My earliest memories were of my father drinking. I remember one of the dreams I had when I was five. I had three daddies. ‘Nice daddy’, ‘funny daddy’ who was just slightly drunk, and then of course ‘nasty daddy’. That is what it was like. You never had any stability, any security, any normality.

Dad was an intelligent man but also an incredibly intimidating and violent man. He and my mother had an arranged marriage in 1975 and divorce was never an option, even when she was battered and bruised, even when she had black eyes and wore sunglasses during the day, even when she was hospitalised after he threw a plate of steaming hot food over her stomach as he didn’t like the way she had cooked it, even when he smashed her head open with a wine bottle and the blood was smeared over every single wall in the house, even when he kicked her in the stomach when she was 8 months pregnant.

No, divorce was not an option because she did not want to bring shame to her family.

If ever we dared to get in the way we became the targets. God knows how many times neighbours called the police. God only knows what the social services thought of us.

I never had any friends. I never went to a birthday party. Nobody invited us anywhere. I couldn’t ride a bike. I couldn’t swim. I couldn’t do any of the normal things that kids do. I thought that I was a freak. My father became more controlling, almost psychopathic, as we got older, not allowing us any contact with the outside world apart from school. We were not allowed any freedom at all. I don’t know if that was the alcohol talking or whether that was just his personality.

I don’t know how but he managed to get a car, despite being unemployed. He would drive it with us in the back. He was completely off his face. We had no seatbelts and were terrified. He never got caught.

However, because my father was an intelligent man my school never found out. He would always wear a suit and tie and be ever so charming to our teachers. He would chew cardamom pods too, a trick that many Asians use to cover up the smell of alcohol on their breath.

Luckily his children were intelligent too. I excelled at my school work and became a straight A student. However, my father made me give up my education when I was 16 so that I could get a job. He took my wages and spent them on drink. Unknown to him, I didn’t give up. I did my A-levels through distance learning. I secretly went back to my school, having confided in my form tutor, who would give me AA leaflets and also let me borrow A-level text books. I would sneak them under my coat and then secretly read them at home so that I could pass my exams.

I hated him. Every night I would pray to God that he would die.

A year before my father’s death when I was 17 he visited the doctor who told him he had to stop drinking otherwise he would die. My father denied that he drank, as he always did. He came home and just said ‘So what? Everyone has to die one day.’ A year later I sat by his bedside in the intensive care unit as he succumbed to alcoholic liver disease.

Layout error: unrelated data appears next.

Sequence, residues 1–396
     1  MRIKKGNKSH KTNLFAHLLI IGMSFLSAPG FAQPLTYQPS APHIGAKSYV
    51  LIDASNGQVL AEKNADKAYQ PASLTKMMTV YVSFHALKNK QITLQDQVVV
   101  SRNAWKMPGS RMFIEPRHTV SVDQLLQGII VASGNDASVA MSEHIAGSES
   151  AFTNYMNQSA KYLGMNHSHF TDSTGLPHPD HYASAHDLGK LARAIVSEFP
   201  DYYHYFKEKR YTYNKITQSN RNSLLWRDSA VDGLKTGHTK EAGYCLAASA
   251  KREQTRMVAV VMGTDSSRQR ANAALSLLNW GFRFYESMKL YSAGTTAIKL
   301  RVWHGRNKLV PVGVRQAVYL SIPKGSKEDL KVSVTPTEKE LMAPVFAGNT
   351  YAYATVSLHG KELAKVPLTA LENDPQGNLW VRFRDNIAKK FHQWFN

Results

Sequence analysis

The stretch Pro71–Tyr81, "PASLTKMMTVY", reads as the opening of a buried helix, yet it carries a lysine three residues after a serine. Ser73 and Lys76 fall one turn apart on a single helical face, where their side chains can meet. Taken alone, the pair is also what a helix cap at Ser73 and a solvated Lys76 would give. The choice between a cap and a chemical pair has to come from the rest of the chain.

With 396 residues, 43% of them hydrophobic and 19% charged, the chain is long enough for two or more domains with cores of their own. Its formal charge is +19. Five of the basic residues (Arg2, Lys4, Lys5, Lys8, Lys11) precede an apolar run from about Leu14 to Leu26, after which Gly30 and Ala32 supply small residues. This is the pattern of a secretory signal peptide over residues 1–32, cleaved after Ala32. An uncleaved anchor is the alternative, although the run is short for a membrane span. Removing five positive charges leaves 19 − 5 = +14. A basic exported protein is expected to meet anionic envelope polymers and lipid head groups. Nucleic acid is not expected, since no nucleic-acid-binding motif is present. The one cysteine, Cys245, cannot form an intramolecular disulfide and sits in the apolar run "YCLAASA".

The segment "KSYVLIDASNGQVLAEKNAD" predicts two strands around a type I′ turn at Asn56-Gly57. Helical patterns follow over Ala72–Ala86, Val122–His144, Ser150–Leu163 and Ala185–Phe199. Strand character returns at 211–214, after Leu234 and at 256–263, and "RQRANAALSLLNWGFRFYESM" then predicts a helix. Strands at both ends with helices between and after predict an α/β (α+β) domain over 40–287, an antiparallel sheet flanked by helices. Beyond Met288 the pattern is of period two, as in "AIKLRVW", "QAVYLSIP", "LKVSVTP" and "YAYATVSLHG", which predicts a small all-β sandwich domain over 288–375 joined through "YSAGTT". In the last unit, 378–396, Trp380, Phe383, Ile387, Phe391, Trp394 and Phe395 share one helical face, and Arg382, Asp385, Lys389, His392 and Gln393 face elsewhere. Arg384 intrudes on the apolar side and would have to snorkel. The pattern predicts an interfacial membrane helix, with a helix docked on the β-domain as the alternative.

I felt that a huge weight had been lifted from my shoulders. Unfortunately it took my family a while to adapt to life without him, to change their ways. My mother had lived under his shadow for so long. He had left us penniless and she was scared.

I asked her if I could go to university the following year and she said no. However, I made the toughest decision of my life because I knew it was the right thing to do. I continued working and saved up a load of cash. I passed my A-levels, got my university place, packed two suitcases, called a friend and left home. My mother was devastated but after three days we were talking again and we are best friends now.

I thought that life was ok but it was only last year that I realised it wasn’t really. I have always felt different, always felt left out, always felt lonely and depressed. I couldn’t understand why. I have a wonderful job, two beautiful children, the world is mine for the taking, but I still feel sad a lot of the time. It was only when I did research that I realised what I feel is normal for the child of an alcoholic. I was diagnosed with depression and complex PTSD and have just finished therapy which has helped me to think in a happier, more normal way. The legacy of a parent’s drinking does affect you for the rest of your life. However, just because you have a parent who drinks it doesn’t mean that you can’t be successful. It really doesn’t matter where you’re from. You are as special as everyone else on this planet and it is where you are heading to that counts. Life will get better, I promise.

This post was written by Mandeep, and offers real hope in the courage that she found to move forward in her life. If you feel, or have ever felt like Mandeep then Nacoa want to support you. 

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